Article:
Anon: Oh, let’s see. Sure…there is always a way to do most things. Here is an estimate of the amount of money you have:
One U.S. quarter weighs 5.67 grams (I had to look that up.)
There are 453.58237 grams in one pound.
You have about 22,679.62 grams in quarters.
Dividing 22,679.62 grams (total weight) by 5.67 (weight of one quarter) means that you have approximately 4,000 quarters, or about $1,000 in your container.
By the way, if you’re interested in how much each U.S. coin weighs, along with a bunch of other information about U.S. currency, click here.
Why is “weighting” used in research and how is it done? - Anonymous
Anon: Weighting in research is used to compensate for under-sampling or over-sampling of quotas. For example, let’s say that a telephone perceptual study has a quota of N=100 for females 18-24, but the interviewers were able to complete only 50 interviews with this age/sex group. If the 50 completed respondents are representative of the population of women 18-24, the responses are doubled (counted twice).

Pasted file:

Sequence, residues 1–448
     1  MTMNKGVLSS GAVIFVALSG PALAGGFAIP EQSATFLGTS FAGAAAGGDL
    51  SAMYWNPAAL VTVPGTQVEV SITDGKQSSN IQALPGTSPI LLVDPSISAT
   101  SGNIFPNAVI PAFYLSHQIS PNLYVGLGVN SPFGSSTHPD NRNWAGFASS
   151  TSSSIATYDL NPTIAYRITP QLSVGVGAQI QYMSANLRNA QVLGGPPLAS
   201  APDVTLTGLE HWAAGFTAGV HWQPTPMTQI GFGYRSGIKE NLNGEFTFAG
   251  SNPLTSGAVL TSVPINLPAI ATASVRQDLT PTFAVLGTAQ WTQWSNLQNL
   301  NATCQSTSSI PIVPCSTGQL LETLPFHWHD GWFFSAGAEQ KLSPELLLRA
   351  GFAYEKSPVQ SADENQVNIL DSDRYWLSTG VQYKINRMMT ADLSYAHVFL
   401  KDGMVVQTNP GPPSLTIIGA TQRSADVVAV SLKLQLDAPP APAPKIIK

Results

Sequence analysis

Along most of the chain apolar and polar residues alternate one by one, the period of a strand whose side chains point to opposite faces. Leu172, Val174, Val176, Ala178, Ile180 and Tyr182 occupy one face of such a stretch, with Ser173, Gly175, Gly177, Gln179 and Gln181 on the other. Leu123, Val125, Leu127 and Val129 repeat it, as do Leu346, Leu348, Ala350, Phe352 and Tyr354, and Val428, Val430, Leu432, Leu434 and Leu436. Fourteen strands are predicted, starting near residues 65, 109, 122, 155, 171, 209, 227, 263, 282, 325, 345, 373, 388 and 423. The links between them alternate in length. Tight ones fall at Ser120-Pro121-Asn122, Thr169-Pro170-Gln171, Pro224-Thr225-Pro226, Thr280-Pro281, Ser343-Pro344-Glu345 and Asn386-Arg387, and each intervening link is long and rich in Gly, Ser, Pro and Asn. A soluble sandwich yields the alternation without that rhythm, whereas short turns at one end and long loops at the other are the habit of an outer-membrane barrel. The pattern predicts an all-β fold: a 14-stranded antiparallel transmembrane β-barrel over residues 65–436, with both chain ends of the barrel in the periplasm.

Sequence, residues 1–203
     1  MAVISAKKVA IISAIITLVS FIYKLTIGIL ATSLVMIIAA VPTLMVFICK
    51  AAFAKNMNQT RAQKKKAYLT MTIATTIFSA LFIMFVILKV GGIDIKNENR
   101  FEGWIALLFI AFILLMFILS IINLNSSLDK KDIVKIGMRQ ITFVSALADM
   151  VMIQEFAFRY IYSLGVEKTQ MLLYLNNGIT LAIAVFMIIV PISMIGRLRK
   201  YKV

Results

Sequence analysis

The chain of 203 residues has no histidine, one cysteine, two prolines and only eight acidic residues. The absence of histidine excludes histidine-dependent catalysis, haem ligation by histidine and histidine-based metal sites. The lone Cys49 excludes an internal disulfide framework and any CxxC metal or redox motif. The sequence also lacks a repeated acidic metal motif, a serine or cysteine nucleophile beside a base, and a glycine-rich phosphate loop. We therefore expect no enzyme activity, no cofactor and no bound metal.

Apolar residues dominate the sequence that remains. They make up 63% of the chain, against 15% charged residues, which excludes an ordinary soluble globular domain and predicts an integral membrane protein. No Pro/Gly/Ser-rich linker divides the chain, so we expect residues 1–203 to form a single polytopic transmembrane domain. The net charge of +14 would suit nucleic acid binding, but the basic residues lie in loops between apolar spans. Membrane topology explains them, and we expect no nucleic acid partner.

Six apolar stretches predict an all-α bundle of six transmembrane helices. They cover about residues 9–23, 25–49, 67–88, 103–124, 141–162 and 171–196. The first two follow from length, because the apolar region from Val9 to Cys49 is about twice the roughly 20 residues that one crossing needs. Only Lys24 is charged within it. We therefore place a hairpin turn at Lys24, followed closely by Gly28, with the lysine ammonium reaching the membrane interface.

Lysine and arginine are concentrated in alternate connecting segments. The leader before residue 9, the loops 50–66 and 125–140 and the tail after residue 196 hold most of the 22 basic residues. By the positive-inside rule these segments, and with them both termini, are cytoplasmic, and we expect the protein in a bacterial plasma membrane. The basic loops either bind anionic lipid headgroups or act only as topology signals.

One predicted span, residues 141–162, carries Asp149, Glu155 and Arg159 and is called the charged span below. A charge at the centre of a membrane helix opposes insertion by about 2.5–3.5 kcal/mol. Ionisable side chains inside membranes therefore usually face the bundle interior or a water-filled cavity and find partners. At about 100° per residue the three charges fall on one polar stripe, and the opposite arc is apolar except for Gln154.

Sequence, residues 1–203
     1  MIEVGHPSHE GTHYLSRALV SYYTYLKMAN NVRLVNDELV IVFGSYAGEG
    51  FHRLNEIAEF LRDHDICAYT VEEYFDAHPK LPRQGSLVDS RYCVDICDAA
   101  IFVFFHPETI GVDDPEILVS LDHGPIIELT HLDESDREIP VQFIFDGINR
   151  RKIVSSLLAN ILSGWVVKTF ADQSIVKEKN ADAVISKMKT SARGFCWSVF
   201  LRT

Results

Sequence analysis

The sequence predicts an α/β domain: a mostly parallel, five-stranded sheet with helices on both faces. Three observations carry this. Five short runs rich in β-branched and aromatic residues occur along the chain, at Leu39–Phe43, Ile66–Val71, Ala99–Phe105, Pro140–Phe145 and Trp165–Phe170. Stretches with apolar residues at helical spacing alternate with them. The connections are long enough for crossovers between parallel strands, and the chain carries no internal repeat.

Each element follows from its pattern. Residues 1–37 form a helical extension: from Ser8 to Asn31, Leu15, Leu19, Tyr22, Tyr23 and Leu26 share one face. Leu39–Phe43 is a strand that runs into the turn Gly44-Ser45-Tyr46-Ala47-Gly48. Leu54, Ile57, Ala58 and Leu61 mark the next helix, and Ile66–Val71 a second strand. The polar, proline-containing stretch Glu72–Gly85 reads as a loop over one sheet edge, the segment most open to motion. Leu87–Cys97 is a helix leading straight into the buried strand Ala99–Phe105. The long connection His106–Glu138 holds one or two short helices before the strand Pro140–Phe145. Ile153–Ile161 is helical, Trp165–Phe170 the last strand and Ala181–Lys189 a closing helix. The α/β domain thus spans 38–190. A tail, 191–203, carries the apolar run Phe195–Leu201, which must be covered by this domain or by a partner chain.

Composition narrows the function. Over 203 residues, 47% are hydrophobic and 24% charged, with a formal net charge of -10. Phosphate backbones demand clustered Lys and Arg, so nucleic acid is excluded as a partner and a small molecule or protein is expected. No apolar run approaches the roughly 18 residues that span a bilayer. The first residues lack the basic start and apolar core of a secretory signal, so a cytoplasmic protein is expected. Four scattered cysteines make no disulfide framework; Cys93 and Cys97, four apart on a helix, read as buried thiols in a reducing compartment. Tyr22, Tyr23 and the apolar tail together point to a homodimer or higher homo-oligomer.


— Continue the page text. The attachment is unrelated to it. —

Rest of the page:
Weighting can become extremely complicated by adding several qualifications, such as a quota for cumers, P1s, fans of different radio stations, and so on. In these cases, you wouldn’t simply count each completed respondent twice. Some respondents may be counted three or four times to match the quotas set for the study.
If done incorrectly, or if the sample of completed respondents is not representative of the population, weighting can really mess up a study—the results may be meaningless.